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Few individuals could have predicted how technology would support the present-day victims' movement. For example, OVC uses its Web site and e-mailing lists to inform and to provide easy access to online publications, funding resources, services, promising program strategies, and training resources. To further the use of technology, OVC funds various initiatives that promote cooperation among service providers. Information-sharing among victim service agencies at the state and local levels creates a critical, seamless network of victim services. Automated notification systems are an effective method of informing victims about the status of their cases and the subsequent release of perpetrators.

In addition to these uses of technology, the Crime Victims Fund supports initiatives that promote the use of technology in delivering training and technical assistance and in processing expense reimbursement claims for victims of international terrorism.

VS2000 System Information Technology Project

In 1997, OVC began developing Victim Services 2000 (VS2000), a 5-year demonstration project to create model systems for victim service delivery. VS2000 was established to improve the range, quality, and accessibility of services for all victims through the development of integrated victim service systems in urban and rural settings. VS2000 has three technological components: resource directory management, agency training registration, and case management for community agencies. OVC provided funding to the Denver Victim Assistance and Law Enforcement (VALE) Board in 2003 to further expand these components, which will be made available to other interested communities in the future. OVC funded a pilot test of the system in Denver, Colorado, and plans to eventually replicate it nationwide. System developers are working to prepare the system for replication nationwide. To view the Denver system, including an online newsletter, description of the VS2000 model development, resource center, and other components, visit the VS2000 Web site.

Also see the OVC Bulletin, Making Collaboration Work: The Experiences of Denver Victim Services 2000.

Online Directory of Crime Victim Services

OVC developed an online Directory of Crime Victim Services for use by victims and service providers. This directory includes more than 6,000 service providers who address various victim needs. Launched October 31, 2003, the directory offers a centralized, searchable database of victim assistance programs nationwide; users may search by location, type of victimization, service needed, and agency type. OVC continually updates the database with new programs that have been carefully screened. New programs may enroll online. View the online directory.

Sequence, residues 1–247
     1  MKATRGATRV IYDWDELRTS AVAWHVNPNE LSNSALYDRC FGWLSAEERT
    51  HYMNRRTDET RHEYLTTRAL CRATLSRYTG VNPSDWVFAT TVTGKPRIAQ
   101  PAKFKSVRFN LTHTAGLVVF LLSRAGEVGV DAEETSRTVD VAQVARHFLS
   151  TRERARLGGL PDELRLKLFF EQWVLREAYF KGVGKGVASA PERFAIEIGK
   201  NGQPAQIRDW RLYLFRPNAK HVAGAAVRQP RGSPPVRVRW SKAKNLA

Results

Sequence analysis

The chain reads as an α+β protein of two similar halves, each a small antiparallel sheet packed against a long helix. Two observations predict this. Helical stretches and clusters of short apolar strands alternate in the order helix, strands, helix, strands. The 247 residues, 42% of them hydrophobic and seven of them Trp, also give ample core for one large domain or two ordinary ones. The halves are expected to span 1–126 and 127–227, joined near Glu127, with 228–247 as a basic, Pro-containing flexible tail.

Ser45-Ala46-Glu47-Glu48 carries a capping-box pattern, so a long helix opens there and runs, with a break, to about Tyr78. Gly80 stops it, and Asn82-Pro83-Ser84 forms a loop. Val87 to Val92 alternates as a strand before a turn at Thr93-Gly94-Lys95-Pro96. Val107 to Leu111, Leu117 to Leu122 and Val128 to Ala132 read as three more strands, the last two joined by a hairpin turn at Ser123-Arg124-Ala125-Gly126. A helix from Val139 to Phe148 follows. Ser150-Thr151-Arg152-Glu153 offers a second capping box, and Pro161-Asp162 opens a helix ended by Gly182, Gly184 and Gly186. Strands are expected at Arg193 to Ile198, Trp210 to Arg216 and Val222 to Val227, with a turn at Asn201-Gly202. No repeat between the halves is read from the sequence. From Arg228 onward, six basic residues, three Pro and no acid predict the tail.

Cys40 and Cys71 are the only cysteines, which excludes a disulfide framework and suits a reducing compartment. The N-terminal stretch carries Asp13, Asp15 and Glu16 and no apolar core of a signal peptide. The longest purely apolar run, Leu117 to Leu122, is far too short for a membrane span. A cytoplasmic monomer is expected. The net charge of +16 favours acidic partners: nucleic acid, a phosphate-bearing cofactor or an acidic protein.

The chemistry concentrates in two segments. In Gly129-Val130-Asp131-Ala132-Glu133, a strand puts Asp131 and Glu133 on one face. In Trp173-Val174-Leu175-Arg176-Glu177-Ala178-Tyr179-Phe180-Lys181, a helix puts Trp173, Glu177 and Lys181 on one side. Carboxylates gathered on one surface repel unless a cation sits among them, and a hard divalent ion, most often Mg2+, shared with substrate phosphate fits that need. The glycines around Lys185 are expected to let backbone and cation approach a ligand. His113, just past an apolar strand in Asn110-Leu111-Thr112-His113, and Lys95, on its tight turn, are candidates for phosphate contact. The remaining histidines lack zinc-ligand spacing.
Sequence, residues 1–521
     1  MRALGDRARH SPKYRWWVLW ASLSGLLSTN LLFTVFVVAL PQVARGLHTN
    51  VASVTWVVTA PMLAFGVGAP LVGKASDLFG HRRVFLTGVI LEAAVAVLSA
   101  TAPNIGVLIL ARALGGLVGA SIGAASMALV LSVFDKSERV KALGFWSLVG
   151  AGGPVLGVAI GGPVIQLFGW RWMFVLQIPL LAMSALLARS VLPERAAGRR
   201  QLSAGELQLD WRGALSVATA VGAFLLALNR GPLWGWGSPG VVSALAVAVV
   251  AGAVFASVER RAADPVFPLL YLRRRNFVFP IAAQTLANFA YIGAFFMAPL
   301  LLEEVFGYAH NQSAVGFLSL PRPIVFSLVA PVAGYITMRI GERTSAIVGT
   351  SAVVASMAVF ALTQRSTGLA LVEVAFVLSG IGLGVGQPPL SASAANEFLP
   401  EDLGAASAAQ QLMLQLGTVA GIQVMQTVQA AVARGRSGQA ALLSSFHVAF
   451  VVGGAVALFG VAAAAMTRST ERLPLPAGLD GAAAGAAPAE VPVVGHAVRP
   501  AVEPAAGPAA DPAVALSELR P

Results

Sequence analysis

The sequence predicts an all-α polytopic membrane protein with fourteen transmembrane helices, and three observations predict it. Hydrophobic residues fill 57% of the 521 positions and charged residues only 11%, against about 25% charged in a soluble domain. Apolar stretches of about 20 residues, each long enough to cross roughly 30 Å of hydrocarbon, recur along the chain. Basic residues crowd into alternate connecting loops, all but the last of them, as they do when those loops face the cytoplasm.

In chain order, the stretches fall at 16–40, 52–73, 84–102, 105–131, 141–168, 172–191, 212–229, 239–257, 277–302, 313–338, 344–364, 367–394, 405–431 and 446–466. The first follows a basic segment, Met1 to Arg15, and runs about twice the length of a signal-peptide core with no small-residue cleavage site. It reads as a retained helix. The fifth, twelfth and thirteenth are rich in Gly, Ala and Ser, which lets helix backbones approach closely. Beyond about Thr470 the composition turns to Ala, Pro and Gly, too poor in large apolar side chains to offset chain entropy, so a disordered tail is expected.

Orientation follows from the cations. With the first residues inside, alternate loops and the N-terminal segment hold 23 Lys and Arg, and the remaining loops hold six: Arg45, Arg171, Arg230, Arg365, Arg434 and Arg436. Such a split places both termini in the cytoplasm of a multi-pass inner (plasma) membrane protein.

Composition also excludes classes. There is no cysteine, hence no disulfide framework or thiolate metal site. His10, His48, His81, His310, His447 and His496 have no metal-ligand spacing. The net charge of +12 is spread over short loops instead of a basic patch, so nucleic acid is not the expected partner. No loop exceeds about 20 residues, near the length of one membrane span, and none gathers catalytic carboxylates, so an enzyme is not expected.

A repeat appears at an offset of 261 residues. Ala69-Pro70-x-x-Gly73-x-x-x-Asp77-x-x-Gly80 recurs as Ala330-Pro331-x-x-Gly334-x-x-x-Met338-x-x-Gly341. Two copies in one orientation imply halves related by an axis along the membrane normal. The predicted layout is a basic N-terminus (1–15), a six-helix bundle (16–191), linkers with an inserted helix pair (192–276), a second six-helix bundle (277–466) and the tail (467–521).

OVC Web Forum

In early 2004, OVC launched a Web forum, the OVC Message Board To Help Exchange Lessons and Practices (HELP) in Victim Services, to link victim service providers and allied professionals with colleagues throughout the Nation who face similar challenges and experiences. An online bulletin board, the OVC Web forum, allows peer-to-peer dialogue on innovative practices and services in victim assistance. A guest host is featured each month, allowing participants to ask questions of and receive insight from nationally recognized experts on the featured topic. Guest hosts have covered such topics as helping child victims, assisting victims of identity theft, assisting victims of drunk and drugged driving, and managing "compassion fatigue."

In 2005, OVC launched an expanded Forum, featuring new tools to enhance collaboration. New features include:

  • OVC News and Announcements: Reports current OVC-focused initiatives and relevant topics and events with a primary focus on best practices.
  • Search Engine: Scans and retrieves posts by topic of interest, keywords, or date.
  • Hot Topics: Features posts from unique users or forum topics that are relevant to current events in victim assistance.
  • Post of the Month: Highlights a post that expresses information of value to the online community and contributes to the body of knowledge concerning crime victims and best practices.

For more details, visit the OVC Web Forum.

OVC's Web Site

OVC's Web site is its most vital link with its constituents. The site is accessed by victims, victim advocates, state VOCA1 administrators and subrecipients, discretionary grantees, educators, policymakers, and the general public. It is the main portal to the vast resources that are available through OVC, including:

  • The OVC Web Forum, an interactive message board for the field.
  • "Featured Resources," highlighting a new topic each month.
  • "Grants and Funding," including the "Discretionary Toolbox," a one-stop resource for information on solicitations, compliance and monitoring requirements, and financial information for grantees.
  • "Help for Victims" offers Internet links to topical resources for victims, including OVC's Directory of Crime Victim Services.
  • "Publications" provides links to OVC publications that can be viewed online or downloaded. Users may also view digital clips for select video products and public service announcements.